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Jack Gordon Institute: National Security Policy Fellows

A research guide to assist participants in the JGI National Security Policy Program

research process

I have to give a speech, do a project, present a paper, write a report or write a term paper, now what...?

Review your class assignment, looking for keywords or terms that can help you define your topic. Use these keywords to search the library catalogs and databases. Also note what types of sources your instructor requires, for example: book chapters, newspaper articles, magazine articles, or peer-reviewed journal articles.

If you have the freedom to choose your own topic, be sure to choose a topic that will sustain your interest. Additionally, the topic should be one you can research sufficiently in the time allowed, research using the tools and resources readily available to you, read about in a language you read well, and that your professor deems suitable for your assignment.

Start with a broad topic area (this might already be decided for you as a requirement of a course) and narrow this down to select a specific topic for your paper so that you don’t waste time wading through too much information.

Deciding on a topic you'd like to write about and defining the parameters of your research is one of the most challenging and important aspects of the research process. If you need more help with this step, consult your professor or look for ideas in the research guides which have been prepared by the subject librarians.

I have the topic, but I'm not sure how to approach researching it... Is the Internet the best choice for my research...?

You don't need to be an expert on a topic to do a report about it.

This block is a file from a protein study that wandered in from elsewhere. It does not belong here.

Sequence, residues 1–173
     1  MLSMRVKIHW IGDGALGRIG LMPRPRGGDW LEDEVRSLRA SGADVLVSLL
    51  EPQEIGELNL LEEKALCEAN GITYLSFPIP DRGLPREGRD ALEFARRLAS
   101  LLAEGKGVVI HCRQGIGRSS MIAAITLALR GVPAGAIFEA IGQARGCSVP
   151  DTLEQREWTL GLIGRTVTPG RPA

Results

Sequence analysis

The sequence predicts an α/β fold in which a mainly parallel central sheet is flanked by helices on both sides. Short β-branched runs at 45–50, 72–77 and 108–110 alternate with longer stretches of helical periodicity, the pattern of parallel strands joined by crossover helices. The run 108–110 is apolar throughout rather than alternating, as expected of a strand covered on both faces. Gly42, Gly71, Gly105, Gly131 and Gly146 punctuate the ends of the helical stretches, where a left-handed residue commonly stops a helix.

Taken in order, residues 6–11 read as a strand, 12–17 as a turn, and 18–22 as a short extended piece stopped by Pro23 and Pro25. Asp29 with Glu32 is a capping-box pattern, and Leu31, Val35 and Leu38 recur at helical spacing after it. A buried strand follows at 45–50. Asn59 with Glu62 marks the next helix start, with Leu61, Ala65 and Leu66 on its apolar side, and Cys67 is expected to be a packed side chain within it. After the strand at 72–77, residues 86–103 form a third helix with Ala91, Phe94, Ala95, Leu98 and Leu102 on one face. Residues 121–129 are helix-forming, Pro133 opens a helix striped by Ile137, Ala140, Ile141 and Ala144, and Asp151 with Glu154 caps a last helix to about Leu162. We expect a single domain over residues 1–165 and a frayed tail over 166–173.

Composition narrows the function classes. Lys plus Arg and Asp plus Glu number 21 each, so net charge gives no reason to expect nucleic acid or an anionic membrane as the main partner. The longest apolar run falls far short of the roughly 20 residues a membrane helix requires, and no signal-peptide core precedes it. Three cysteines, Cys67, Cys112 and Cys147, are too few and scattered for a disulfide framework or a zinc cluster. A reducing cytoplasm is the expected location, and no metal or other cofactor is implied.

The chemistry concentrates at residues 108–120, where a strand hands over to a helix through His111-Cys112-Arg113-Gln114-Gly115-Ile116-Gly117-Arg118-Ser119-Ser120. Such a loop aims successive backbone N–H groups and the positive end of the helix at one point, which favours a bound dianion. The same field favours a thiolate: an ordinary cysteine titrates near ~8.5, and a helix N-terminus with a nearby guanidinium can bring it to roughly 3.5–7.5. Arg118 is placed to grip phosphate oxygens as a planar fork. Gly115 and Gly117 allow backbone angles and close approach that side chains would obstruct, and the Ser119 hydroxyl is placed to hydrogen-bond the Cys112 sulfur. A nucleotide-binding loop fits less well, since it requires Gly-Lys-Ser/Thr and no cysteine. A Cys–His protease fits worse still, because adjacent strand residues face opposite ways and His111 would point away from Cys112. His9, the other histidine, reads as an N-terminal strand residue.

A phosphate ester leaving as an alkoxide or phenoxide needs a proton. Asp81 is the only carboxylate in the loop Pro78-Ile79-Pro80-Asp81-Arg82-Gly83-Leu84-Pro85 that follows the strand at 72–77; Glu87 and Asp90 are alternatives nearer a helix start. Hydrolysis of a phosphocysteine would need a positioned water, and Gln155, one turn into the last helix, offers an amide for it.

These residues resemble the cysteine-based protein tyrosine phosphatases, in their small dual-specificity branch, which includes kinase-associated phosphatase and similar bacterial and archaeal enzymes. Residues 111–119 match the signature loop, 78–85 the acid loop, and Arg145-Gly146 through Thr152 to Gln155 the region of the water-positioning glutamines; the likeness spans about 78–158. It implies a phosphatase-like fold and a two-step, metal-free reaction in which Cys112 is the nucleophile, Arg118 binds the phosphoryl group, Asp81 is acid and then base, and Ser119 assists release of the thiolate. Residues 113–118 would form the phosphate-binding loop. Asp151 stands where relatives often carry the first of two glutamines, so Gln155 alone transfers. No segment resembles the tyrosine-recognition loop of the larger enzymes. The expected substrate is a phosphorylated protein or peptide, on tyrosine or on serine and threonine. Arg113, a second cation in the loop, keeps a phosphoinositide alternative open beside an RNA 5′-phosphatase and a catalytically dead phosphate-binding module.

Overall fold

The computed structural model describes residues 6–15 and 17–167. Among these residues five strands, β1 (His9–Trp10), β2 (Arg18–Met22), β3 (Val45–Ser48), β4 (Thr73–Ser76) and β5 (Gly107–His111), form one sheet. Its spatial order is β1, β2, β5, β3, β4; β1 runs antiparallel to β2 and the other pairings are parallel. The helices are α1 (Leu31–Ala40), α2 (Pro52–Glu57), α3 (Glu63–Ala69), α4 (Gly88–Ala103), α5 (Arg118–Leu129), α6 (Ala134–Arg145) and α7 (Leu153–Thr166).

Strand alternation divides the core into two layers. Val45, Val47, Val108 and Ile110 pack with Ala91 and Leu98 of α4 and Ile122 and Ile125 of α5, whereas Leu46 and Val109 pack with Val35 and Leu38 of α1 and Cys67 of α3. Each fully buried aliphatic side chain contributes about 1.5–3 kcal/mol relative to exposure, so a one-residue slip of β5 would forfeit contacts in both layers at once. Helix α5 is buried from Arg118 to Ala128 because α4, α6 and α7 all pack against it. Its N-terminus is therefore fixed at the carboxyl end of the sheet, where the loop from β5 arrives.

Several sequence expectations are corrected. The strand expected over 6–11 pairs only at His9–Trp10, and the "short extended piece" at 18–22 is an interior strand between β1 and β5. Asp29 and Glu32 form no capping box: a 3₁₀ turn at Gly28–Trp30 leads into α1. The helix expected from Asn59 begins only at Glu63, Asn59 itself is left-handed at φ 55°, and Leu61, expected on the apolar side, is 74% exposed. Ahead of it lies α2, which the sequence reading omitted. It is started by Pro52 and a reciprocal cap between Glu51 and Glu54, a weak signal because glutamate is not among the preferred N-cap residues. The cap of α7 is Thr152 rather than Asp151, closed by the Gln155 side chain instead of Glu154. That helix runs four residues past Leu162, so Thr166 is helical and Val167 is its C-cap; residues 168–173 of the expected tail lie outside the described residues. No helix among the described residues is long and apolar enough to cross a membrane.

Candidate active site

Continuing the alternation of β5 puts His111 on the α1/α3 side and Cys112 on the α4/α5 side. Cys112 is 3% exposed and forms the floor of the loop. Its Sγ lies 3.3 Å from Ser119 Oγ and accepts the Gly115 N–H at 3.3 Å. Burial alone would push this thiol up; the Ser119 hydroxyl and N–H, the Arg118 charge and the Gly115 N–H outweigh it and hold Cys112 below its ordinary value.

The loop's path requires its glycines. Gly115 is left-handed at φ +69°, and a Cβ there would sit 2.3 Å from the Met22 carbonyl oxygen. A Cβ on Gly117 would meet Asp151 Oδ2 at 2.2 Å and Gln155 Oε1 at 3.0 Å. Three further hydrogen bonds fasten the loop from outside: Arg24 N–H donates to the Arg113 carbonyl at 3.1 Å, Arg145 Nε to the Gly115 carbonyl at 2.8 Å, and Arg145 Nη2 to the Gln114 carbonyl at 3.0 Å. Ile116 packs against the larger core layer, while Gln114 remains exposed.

A good place to start (especially if you don't know much about your topic), is the Library Catalog to help you find books that give you general information. Encyclopedias are good for concise explanations and contextual data. A librarian can recommend the best encyclopedias or other reference materials you may want to use.

Build on your basic information and skills. Avail yourself to information in all formats: Books (on the shelves and online); Periodicals (journal, magazine, newspaper articles both on the shelves and through databases); Digital media (videos, CD-ROMs, DVDs, etc.); and even some Internet sites.

Your professor will tell you whether you are allowed to use Web sites as resources. Most people can surf the Internet and find topical information but cannot determine if what they've found is accurate, objective or up-to-date. 

For assistance on developing the most efficient research strategy and identification of local resources, contact Lori Driver or Carlos Fernandez

Databases are your primary search tool for finding articles on a topic.
To choose an appropriate database, ask yourself which disciplines are relevant to your topic. A paper about global warming, for example, may be relevant to a number of disciplines including environmental science, political science, and business. Once you decide which discipline(s) to focus on, select databases by subject from our A-Z  List.

To find recommended databases to use as starting points by popular disciplines, visit the Research: Start page and select the appropriate subject/discipline on the list on the left.

Use the tools built-in to the databases and other resources to help guide you, such as subject headings, tags, related searches, etc.

  • Continue to search and narrow down your topic to make it more manageable and specific